Following a similar pattern of plausible deniability, HP did not respond specifically to the charges following SACOM’s reports, but later told The Guardian that it closely regulates its supply chain to ensure compliance with local labor standards. Multinational brands often distance themselves from smaller under-regulated subcontractors at the base of its supply chain. Following a labor scandal, tech giants routinely promise to investigate such incidents under their voluntary social responsibility codes. But while companies perfunctorily reassure the public they will self-regulate their sourcing, the usual methods of internal supply-chain monitoring and factory audits have been criticized as ineffective whitewashing by independent advocacy groups.

More broadly, the reports of widespread intern abuse represent the standard, not the exception, in China’s low-wage manufacturing system. With more development moving into regional interior cities and manufacturing investment shifting to cheaper parts of Asia, the workforce is being dispersed across more remote areas, and labor watchdogs warn of downward pressure on wages and a decline in government regulation of working conditions.

An analysis from Hong Kong Polytechnic University researcher Jenny Chan (who is also a contributing editor of The Asia Pacific Journal) describes an intern labor pipeline in which significant numbers of the 18 million youth in vocational schools find themselves programmed as labor bots, powering assembly lines through the systematic cheapening of student labor presented as internships. These interns are often subjected to worse conditions and lower wages than the standard employees they work alongside in violation of China’s internship laws prohibiting 16- to 18-year old students from working overtime and night shifts. According to Chan, across China’s manufacturing sector, scarcely regulated networks of low-wage casual student labor enable both government and commercial profiteers to profiteer from a “two-tier” labor system, under a legal rubric of vocational education.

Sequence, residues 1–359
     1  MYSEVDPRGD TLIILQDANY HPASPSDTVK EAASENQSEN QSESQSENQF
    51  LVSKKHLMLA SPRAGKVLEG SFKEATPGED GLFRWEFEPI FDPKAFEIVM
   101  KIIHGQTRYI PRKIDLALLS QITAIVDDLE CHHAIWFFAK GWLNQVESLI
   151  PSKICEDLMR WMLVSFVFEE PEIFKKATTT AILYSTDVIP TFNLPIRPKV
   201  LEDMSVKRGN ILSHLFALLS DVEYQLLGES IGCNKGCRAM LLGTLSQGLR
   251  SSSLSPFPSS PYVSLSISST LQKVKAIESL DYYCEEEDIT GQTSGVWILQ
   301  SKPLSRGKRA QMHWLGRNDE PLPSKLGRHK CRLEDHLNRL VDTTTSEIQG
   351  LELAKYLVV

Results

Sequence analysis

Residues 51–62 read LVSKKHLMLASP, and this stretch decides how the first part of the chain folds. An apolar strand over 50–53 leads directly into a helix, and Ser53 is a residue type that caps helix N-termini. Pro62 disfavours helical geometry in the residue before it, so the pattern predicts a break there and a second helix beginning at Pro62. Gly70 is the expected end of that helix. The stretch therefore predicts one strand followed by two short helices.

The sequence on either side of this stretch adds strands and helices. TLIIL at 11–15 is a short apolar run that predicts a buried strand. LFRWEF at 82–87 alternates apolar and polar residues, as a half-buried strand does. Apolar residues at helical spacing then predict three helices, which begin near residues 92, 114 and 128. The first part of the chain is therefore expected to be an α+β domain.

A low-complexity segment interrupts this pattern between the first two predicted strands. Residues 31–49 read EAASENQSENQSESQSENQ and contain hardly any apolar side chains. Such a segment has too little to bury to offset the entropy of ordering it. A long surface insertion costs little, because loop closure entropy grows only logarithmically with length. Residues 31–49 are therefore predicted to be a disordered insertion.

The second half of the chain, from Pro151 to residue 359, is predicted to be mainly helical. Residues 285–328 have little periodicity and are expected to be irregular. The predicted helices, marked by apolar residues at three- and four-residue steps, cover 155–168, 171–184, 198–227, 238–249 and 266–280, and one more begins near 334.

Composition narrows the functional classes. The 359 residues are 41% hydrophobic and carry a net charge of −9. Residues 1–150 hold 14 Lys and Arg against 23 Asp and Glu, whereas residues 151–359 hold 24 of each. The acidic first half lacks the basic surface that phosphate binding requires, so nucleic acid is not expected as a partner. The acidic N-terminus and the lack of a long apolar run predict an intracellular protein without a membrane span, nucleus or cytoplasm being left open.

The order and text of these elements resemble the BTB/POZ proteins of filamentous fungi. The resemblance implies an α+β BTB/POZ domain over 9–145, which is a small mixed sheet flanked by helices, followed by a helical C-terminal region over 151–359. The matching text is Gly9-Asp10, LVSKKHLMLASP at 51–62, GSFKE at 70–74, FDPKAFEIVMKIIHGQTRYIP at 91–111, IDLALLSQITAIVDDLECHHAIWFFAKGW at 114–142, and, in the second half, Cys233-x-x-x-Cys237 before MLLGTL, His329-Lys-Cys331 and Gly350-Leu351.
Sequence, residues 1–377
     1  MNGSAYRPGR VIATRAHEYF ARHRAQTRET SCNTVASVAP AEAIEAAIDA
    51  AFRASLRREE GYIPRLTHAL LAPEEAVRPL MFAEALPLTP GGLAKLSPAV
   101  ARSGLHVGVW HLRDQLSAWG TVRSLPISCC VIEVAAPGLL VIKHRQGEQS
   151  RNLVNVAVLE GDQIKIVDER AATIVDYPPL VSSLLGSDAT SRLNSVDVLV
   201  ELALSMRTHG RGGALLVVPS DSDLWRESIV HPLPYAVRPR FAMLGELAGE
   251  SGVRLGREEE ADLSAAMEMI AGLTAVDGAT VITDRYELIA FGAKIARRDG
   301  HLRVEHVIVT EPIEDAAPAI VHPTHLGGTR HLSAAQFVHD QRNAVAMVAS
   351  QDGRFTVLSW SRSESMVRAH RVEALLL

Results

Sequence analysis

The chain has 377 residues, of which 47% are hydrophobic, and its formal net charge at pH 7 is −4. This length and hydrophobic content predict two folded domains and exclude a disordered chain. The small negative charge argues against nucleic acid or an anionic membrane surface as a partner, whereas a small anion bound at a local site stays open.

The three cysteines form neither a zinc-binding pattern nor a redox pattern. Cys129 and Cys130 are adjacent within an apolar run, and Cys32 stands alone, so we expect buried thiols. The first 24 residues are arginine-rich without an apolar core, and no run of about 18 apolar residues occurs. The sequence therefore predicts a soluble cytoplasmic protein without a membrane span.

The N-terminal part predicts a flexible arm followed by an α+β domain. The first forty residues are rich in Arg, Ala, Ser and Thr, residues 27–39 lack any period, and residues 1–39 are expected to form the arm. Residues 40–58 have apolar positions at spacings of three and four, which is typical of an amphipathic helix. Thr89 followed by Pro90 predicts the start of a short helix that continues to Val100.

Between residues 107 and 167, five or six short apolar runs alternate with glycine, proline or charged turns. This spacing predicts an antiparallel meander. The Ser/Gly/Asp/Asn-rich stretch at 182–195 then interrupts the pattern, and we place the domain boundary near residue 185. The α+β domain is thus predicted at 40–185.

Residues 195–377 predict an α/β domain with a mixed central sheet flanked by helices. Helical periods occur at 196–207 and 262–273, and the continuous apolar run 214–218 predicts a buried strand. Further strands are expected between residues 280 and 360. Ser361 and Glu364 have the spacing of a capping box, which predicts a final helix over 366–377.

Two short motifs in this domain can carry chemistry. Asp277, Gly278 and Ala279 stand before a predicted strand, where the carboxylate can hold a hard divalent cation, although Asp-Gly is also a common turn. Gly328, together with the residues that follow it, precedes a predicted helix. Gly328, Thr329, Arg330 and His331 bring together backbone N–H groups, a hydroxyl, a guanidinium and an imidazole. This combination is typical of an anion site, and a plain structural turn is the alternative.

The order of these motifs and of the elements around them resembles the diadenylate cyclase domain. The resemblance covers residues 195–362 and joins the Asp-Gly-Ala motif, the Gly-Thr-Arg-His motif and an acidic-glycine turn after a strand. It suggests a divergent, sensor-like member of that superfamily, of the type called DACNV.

China’s electronics-export sector banks on young people’s career aspirations to fill spots in its supply chain. As the exclusionary university exam system shunts millions of “leftover” Chinese students into vocational schools. The system is driven by and perpetuates collusion with multinationals with interns channeled into high-tech low-skill factories: as Chinese wages have risen with global manufacturing investments over the last decade, the internship infrastructure has simultaneously emerged as a way for huge corporations, including Honda and another massive Apple contractor, Foxconn, to circumvent regulations and strip student-workers of their labor rights. Foreign-contracted Chinese firms exploit young workers as disposable seasonal labor required to work long illegal overtime hours to meet peak-season production demands (as when a new iPhone rolls out), at the expense of their families, the school system, and low-wage workers of all skill levels.

 

Student interns working at Foxconn


Yet some of the hyperexploited interns in the investigation have sometimes displayed a savvy awareness of their degraded status. A 16-year-old interviewee told researchers: “Come on, what do you think we’ve learned standing for more than ten hours a day manning machines on the line?…There’s no relation to what we study in school. Every day is just a repetition of one or two simple motions, like a robot.”

Since the student workforce churns seasonally with the academic calendar, these feeder programs offer no professional development opportunities or promotional prospects. Interns are excluded from core social-welfare obligations that accompany standard employment, saving companies from matching payments, while they work the comparable, backbreaking hours, often as many as 60 hours a week including overtime. The paternalistic social structure, typically constructed around a dorm-like living arrangement, is designed to present a youthful atmosphere. But the insularity of the intern’s work-lives, coupled with the constant surveillance of their activities, risks eroding student-workers’ sense of personal autonomy as lines between their jobs and private lives blur.